There’s not much positivity to take from the Los Angeles Lakers2021-22 season. The Russell Westbrook experiment was an utter failure, the new (and old) players surrounding him were even worse, and the team’s two superstars — LeBron James and Anthony Davis — again had trouble staying healthy.
However, as they’ve done for a long while now, the Lakers’ scouting department found another diamond in the rough in the form of Austin Reaves. He quickly became a fan favorite while rising up through the ranks of the organization, as he went from a two-way player to a full part of the roster before training camp was even over.
This came after a moderately successful Las Vegas Summer League for Reaves, a league you would have almost certainly expected him to return to in 2022 before the actual season started. However, after being one of the team’s best players all season… is Reaves now too good for the league?
He shed some light on this when he was interviewed by Lakers Nation’s Trevor Lane and Matt Peraltaas the two asked him if he knew whether or not he’d be playing for the franchise’s Summer League team in a couple of months.
“I’m not 100% sure yet. That’s really about the most honest answer I can give you.”
He then talked about the experience that 2021’s Summer League provided, while continuing to not rule out an appearance in 2022 as a possibility.
“I feel like I’ve always got something to prove. So, if I go and play, I’m going to play it like I play every other game. But last year, Summer League was fun. It gave me a perspective of really just the physicality of the game, the speed of the game. Last year, that helped a lot moving into my rookie year. Like I said, if I go back and play this year – which is possible – I’m going to play it like every other game. Like it’s just a regular season game, just try to do the right things on the basketball court.”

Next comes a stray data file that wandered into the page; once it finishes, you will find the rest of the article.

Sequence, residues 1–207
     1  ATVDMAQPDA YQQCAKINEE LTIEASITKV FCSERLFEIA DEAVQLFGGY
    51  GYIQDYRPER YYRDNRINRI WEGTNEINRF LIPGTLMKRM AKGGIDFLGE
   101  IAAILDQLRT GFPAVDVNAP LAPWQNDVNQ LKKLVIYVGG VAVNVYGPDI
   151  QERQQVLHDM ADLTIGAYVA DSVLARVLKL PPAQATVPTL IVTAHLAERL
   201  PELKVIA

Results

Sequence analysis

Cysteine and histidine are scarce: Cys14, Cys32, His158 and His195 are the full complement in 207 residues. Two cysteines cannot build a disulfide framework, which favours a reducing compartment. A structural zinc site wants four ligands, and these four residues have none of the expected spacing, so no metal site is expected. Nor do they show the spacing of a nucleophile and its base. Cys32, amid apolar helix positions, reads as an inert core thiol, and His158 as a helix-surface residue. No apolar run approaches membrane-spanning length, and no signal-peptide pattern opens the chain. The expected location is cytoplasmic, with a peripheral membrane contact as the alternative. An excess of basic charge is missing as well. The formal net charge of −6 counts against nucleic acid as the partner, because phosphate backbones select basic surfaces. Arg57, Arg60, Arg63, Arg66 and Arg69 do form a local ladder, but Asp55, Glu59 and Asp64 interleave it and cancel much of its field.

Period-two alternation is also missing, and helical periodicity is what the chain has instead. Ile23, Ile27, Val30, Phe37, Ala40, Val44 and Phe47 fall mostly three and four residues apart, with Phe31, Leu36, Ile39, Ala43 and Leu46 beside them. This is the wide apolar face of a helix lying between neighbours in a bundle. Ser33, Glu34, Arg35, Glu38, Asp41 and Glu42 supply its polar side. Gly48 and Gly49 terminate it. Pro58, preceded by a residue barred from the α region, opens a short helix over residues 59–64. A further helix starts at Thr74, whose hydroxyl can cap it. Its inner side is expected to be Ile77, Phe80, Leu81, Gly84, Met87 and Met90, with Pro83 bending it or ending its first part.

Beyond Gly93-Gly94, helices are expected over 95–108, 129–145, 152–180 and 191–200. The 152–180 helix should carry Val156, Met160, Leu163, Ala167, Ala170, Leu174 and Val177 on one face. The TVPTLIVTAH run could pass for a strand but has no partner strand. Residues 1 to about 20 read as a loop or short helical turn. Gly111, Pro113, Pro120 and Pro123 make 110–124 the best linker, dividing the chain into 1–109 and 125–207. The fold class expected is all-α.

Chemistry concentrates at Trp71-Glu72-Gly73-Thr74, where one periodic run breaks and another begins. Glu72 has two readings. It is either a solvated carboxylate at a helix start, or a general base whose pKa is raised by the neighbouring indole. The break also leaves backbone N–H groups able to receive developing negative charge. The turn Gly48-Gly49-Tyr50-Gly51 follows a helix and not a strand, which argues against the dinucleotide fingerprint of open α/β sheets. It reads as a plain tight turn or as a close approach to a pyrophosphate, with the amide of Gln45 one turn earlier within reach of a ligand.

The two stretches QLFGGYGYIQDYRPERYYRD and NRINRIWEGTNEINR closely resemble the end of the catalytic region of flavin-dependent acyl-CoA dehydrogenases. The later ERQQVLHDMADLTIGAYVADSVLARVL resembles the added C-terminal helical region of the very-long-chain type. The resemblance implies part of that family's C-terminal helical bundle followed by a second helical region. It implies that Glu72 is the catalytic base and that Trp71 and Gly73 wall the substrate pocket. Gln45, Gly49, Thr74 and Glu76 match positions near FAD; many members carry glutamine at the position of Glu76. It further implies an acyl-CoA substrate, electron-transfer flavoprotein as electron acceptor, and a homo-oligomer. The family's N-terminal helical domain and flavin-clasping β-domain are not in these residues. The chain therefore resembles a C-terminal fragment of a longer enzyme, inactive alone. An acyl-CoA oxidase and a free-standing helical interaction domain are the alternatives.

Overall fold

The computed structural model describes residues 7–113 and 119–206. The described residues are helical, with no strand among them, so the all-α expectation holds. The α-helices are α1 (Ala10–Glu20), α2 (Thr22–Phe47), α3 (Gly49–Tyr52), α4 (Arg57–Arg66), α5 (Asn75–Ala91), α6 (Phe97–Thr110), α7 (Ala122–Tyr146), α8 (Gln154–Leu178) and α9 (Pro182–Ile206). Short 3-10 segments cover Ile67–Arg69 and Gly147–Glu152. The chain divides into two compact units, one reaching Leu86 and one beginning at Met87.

Austin Reaves played 23.2 minutes per game for the Lakers this season while starting in 19 of the 61 games he played in. That type of activity for a rookie in the NBA usually means that he’s proven himself good enough to forego the typical second year of Summer League. However, it probably should be noted that the Lakers’ shouldn’t have needed Reaves that much this season.
That was as much a by-product of the front office’s poor roster construction as it was how well Reaves played. Although he showed a high level of defensive IQ and playmaking for his undrafted status, he still shot poorly, made typical rookie mistakes at times, and got taken advantage of on defense by bigger players when tasked with a 1-on-1 situation. Even with those issues, he was still one of the better players on the team and needed to be played as much as he was since this season was a championship-or-bust campaign after trading so much for Westbrook.
So although the decision to play or not play Reaves in the Summer League is probably pretty far down the franchise’s priority list at the moment, it’s still an interesting question. It probably wouldn’t hurt Reaves to get some run in with the Summer League team, but maybe it all depends on what the roster looks like following the free agency period and the draft.
If it seems like the Lakers will need to rely on Reaves as much as they did the previous season, maybe it’s best to give that type of rotation player some more rest in the summer.
But if the offseason drives Reaves farther down the depth chart than last season, then let the kid get out there and beat up on some rookies (I say with no bias at all as someone who will probably be attending the Las Vegas games this summer).